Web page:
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High weight: 275 (August 2009) *** Low weight: 155 (October 2012)
Today, working off a partial regain. Current weight: 179.
Goals:
* Make the best choice I can make, with every choice.
* Remember that the temptation in front of me is not the last of its kind that I will ever see; say "I'll pass today."
* Say "no!" to my whiny inner five-year-old.
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Old 04-07-2011, 02:02 PM   #9
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Quote:
Originally Posted by shimmmer178 View Post
I feel like its almost a slap in the face. "While you're monitoring calories, and exercising daily and breaking a sweat, I'm going to try this pill and hope I lose weight"
I'm sorry if this seems mean, it's just something that i've been dealing with a few times a week lately and I'm not sure how to handle it.
Advice is GREATLY appreciated!!!
So any time you've ever asked someone to share their experience on any topic, after hearing it, you absolutely always followed their example to the letter and would never have even thought of choosing a different path? And if you did choose to do it a different way, then it was only because you wanted to hurt and offend them, right?

Most of us do occasionally ignore good advice and have to find the right path through experience (hopefully the good advice will help us see and fix the mistakes earlier rather than later). It doesn't mean we've slapped anyone. It just means mistakes are sometimes more powerful lessons than the best-meant advice.

It's also important to remember that people are getting "advice" from many sources, not just you. If you get 500 opinions, you can't follow them all. And sadly the most common opinions are still that only fast weight loss counts for anything.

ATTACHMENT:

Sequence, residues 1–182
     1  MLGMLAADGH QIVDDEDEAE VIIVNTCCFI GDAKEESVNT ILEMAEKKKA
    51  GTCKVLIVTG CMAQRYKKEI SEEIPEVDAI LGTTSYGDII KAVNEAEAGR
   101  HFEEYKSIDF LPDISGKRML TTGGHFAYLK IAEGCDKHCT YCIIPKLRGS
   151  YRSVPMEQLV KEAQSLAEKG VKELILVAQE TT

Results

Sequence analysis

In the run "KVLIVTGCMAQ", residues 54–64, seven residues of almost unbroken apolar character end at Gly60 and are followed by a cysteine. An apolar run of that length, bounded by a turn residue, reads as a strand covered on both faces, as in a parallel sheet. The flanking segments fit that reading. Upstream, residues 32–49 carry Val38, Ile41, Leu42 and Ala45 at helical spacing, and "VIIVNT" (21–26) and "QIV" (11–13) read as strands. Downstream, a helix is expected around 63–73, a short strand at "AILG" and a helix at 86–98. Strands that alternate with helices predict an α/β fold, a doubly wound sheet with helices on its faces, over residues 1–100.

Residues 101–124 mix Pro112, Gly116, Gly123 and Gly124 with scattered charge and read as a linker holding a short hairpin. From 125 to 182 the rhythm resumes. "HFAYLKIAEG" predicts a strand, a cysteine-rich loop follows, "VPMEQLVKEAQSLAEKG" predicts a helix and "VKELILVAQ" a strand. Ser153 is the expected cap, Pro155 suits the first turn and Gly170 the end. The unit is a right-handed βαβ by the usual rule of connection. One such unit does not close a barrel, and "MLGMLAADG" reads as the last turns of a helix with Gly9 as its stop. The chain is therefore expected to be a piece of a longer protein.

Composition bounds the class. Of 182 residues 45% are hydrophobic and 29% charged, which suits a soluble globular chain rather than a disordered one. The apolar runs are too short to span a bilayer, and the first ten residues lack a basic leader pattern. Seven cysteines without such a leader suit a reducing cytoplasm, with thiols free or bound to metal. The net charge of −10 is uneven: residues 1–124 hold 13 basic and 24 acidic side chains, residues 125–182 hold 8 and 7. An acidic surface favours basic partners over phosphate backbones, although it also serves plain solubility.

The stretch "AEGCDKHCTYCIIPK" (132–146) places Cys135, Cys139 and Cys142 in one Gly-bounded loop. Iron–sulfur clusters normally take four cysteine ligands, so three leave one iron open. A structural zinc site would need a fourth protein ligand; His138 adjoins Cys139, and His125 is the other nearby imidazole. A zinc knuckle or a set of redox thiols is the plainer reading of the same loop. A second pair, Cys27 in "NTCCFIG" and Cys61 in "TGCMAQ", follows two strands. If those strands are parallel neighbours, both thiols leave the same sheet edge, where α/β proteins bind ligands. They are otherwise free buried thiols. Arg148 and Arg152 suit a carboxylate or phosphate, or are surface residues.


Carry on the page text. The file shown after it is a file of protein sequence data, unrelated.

I can't tell you how many times someone was excited to hear about my weight loss (especially when I tell them it was easy), until they learned that it took six years.

I don't blame them though. I'm not all that impressed either (because I wasn't taught to be). I was raised in the same culture that says "we want rapid, easy weight loss - we admire rapid, difficult weight loss, and anything else isn't worth considering."

We need to be acknowledging that even small progress is progress. Even small steps are worth celebrating.

We need to reward people for getting on the path, even if we're convinced they're heading the wrong direction. But instead we reward the successes (and only the rapid, super dramatic ones), not the attempts and the small successes.
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Old 04-07-2011, 07:40 PM   #10
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Thanks everyone. I realize that my "rant" may have come across the wrong way. I am annoyed, not because shes "not listening to my advice", but because she is constantly complaining without ever doing anything about it. Its hard being the "Friend" and when another friend has a problem not being able to do anything to help accept offer my support which I am. That doesn't mean I need to be happy that i'm fielding the same questions multiple times a week, when that party doesn't intend to do anything about their current situation. I think i'm just going to write down what I do and let her do what she wants to. She knows i'm there if she needs and exercise partner and i'll leave it at that.